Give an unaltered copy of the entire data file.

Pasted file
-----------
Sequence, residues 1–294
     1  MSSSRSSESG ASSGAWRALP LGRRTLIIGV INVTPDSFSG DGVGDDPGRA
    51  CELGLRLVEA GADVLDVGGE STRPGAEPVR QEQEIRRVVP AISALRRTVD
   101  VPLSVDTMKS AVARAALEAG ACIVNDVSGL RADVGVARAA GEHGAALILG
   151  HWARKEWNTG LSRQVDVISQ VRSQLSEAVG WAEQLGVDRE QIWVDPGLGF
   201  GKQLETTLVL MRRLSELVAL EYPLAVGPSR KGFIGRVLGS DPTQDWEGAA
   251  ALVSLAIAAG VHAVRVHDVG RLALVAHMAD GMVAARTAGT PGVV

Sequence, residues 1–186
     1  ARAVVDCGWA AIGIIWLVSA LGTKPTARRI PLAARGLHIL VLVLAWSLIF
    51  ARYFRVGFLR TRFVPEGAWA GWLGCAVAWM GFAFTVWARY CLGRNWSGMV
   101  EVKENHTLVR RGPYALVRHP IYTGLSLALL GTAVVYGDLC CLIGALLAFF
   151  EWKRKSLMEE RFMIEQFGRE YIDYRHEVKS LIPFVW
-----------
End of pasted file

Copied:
Sequence, residues 1–294
     1  MSSSRSSESG ASSGAWRALP LGRRTLIIGV INVTPDSFSG DGVGDDPGRA
    51  CELGLRLVEA GADVLDVGGE STRPGAEPVR QEQEIRRVVP AISALRRTVD
   101  VPLSVDTMKS AVARAALEAG ACIVNDVSGL RADVGVARAA GEHGAALILG
   151  HWARKEWNTG LSRQVDVISQ VRSQLSEAVG WAEQLGVDRE QIWVDPGLGF
   201  GKQLETTLVL MRRLSELVAL EYPLAVGPSR KGFIGRVLGS DPTQDWEGAA
   251  ALVSLAIAAG VHAVRVHDVG RLALVAHMAD GMVAARTAGT PGVV

Sequence, residues 1–186
     1  ARAVVDCGWA AIGIIWLVSA LGTKPTARRI PLAARGLHIL VLVLAWSLIF
    51  ARYFRVGFLR TRFVPEGAWA GWLGCAVAWM GFAFTVWARY CLGRNWSGMV
   101  EVKENHTLVR RGPYALVRHP IYTGLSLALL GTAVVYGDLC CLIGALLAFF
   151  EWKRKSLMEE RFMIEQFGRE YIDYRHEVKS LIPFVW